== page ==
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PMI: Muted demand outlook forces services providers to absorb input cost hike

According to the PMI survey, while Indian services firms were optimistic regarding the 12-month outlook for business activity, the overall level of positive sentiment fell to the lowest since last October. The escalation of the pandemic was the main drag on confidence. (Mint)Premium
According to the PMI survey, while Indian services firms were optimistic regarding the 12-month outlook for business activity, the overall level of positive sentiment fell to the lowest since last October. The escalation of the pandemic was the main drag on confidence. (Mint)

  • The PMI survey report pointed out that companies reported a sharp rise in expenses in April, which they linked to higher prices for food, freight, fuel and a wide range of other items

Business activity in India's services sector, which is a key contributor to economic growth, slipped to a three-month low in April. According to the latest data by Nikkei IHS Markit, the Services Purchasing Managers' Index (PMI) fell from 54.6 in March to 54 in April. A reading above 50 indicates expansion and below the threshold points to contraction.

Although PMI remains in the expansion zone despite rising covid-led restrictions, the outlook for services sector remains muted. So, despite the steep elevation in input costs, service providers have not passed on the burden of increased costs to customers. The PMI survey report pointed out that companies reported a sharp rise in expenses in April, which they linked to higher prices for food, freight, fuel and a wide range of other items. The overall rate of input cost inflation was the strongest seen in close to nine-and-a-half years, added the report.

While some firms lifted their selling prices in April amid the pass-through of rising cost burdens to clients, but 98% of companies left fees unchanged due to efforts to secure new work and remain competitive.

As a result, overall charges increased only marginally in April. While the strongest increase in input costs was noted in the consumer services category, the sharpest rate of output charge inflation was evident at transport and storage companies, showed the survey.

Further, an IHS Markit economist highlighted that the gap between rates of inflation for input prices and charges was one of the widest since the global financial crisis.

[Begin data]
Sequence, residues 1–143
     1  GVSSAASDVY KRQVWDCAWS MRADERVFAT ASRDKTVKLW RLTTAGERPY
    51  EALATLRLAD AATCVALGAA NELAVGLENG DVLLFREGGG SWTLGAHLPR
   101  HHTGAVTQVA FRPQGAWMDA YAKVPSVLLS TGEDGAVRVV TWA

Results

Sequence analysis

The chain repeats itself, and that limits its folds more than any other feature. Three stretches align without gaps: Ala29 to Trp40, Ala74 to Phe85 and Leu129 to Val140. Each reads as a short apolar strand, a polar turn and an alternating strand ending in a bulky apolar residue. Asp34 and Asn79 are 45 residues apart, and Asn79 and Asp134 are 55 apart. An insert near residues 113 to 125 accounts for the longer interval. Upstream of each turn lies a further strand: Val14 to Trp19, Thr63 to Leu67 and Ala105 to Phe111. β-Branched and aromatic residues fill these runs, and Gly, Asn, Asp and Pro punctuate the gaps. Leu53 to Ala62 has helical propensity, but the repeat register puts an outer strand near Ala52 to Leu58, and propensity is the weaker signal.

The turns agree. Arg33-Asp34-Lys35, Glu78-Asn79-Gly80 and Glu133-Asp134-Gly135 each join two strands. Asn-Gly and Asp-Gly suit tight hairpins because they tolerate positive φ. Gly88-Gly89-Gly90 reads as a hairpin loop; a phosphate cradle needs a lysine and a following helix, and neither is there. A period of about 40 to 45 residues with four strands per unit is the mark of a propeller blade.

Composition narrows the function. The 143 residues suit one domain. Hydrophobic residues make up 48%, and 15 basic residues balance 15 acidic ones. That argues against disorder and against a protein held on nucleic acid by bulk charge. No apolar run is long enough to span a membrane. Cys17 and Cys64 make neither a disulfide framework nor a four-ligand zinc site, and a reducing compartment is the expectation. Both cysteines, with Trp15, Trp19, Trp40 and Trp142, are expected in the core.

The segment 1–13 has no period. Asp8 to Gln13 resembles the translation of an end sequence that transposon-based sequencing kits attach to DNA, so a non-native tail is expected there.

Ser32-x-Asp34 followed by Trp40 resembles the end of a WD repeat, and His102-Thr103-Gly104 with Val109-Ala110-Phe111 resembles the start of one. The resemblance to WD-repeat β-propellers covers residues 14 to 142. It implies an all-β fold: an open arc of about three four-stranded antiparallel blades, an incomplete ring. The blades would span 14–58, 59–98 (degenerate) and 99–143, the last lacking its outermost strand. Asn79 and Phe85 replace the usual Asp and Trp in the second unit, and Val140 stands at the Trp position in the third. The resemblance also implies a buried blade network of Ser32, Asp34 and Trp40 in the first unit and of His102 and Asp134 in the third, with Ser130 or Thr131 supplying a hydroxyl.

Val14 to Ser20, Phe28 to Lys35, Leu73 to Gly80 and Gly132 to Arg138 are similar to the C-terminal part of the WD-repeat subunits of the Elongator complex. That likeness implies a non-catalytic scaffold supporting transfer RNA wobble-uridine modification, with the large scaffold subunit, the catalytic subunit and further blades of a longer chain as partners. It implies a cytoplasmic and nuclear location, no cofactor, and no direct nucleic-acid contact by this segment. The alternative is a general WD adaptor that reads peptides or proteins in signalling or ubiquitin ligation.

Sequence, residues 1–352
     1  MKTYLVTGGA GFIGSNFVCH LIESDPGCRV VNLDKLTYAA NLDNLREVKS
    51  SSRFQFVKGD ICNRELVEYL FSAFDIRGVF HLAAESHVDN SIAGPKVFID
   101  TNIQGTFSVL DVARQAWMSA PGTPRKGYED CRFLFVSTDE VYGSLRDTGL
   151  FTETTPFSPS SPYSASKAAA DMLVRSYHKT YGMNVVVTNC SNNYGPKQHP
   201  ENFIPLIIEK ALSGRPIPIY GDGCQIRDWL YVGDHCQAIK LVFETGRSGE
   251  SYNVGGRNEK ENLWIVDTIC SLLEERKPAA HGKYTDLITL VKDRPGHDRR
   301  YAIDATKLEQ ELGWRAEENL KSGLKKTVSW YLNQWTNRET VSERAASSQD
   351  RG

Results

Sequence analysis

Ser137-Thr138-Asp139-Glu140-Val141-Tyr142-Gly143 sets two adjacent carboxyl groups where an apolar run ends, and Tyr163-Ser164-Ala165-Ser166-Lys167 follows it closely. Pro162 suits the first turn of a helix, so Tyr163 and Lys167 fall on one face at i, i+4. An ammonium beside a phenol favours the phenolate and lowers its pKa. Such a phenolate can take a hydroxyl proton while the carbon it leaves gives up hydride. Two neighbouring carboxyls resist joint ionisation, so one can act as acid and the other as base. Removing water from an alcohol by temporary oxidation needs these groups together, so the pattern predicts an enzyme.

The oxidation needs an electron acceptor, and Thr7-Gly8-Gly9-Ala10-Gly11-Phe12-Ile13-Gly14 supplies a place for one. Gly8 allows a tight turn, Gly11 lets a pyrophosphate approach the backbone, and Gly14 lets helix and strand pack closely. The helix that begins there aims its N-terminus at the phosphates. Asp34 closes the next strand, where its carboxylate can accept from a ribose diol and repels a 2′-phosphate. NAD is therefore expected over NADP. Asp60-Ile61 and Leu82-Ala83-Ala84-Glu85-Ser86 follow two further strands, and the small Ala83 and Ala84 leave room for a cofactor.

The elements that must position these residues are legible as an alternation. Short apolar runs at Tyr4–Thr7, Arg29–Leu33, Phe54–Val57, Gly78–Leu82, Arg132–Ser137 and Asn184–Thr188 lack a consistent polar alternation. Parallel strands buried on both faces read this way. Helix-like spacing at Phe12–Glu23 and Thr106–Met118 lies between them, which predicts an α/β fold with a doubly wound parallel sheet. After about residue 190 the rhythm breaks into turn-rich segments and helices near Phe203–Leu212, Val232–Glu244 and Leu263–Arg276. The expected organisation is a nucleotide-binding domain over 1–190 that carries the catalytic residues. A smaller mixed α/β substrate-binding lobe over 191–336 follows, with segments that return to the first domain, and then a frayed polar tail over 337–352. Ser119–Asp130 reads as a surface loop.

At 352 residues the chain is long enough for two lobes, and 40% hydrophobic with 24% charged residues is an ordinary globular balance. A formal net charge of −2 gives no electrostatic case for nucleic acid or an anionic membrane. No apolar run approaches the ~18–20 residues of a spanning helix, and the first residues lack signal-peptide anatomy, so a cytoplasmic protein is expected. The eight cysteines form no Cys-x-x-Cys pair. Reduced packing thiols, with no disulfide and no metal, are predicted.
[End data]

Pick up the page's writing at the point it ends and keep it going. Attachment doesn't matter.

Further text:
Little wonder that these factors have weighed on the business sentiment of service providers. While Indian services firms were optimistic regarding the 12-month outlook for business activity, the overall level of positive sentiment fell to the lowest since last October. The escalation of the pandemic was the main drag on confidence, said the survey.

Counterparts in the manufacturing sector are facing input cost pressures, however, economists say that they are better placed than services providers to raise selling price.

According to Rahul Bajoria, chief economist at Barclays India, the extension of movement curbs till end June could cost the economy an estimated $38.4 billion. Barclays has recently reduced its India gross domestic product growth projections, and now sees the economy growing by 10% year-on-year in FY21-22 from 11% earlier.

"With virus cases still extremely high, there is every possibility of a further tightening in state-level restrictions beyond this month. That would weigh heavily on services activity in particular, while the hit to incomes and need for social distancing will more broadly weigh on demand," said Darren Aw, Asia economist at Capital Economics Ltd.

"The clearest consequence from all of this is that RBI will not be in any rush to withdraw policy support anytime soon," Aw added.


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